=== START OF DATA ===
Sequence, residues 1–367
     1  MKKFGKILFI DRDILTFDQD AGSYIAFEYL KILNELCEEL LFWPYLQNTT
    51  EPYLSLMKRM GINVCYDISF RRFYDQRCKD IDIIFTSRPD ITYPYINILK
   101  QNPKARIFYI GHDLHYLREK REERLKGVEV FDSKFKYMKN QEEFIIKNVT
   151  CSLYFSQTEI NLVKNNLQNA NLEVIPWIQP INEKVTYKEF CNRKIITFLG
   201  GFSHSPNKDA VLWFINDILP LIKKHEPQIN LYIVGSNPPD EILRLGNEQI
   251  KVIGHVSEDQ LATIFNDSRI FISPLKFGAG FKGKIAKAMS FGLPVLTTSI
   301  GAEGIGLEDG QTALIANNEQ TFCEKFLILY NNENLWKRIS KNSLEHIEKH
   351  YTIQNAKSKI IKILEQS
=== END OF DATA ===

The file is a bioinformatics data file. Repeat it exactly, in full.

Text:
Sequence, residues 1–367
     1  MKKFGKILFI DRDILTFDQD AGSYIAFEYL KILNELCEEL LFWPYLQNTT
    51  EPYLSLMKRM GINVCYDISF RRFYDQRCKD IDIIFTSRPD ITYPYINILK
   101  QNPKARIFYI GHDLHYLREK REERLKGVEV FDSKFKYMKN QEEFIIKNVT
   151  CSLYFSQTEI NLVKNNLQNA NLEVIPWIQP INEKVTYKEF CNRKIITFLG
   201  GFSHSPNKDA VLWFINDILP LIKKHEPQIN LYIVGSNPPD EILRLGNEQI
   251  KVIGHVSEDQ LATIFNDSRI FISPLKFGAG FKGKIAKAMS FGLPVLTTSI
   301  GAEGIGLEDG QTALIANNEQ TFCEKFLILY NNENLWKRIS KNSLEHIEKH
   351  YTIQNAKSKI IKILEQS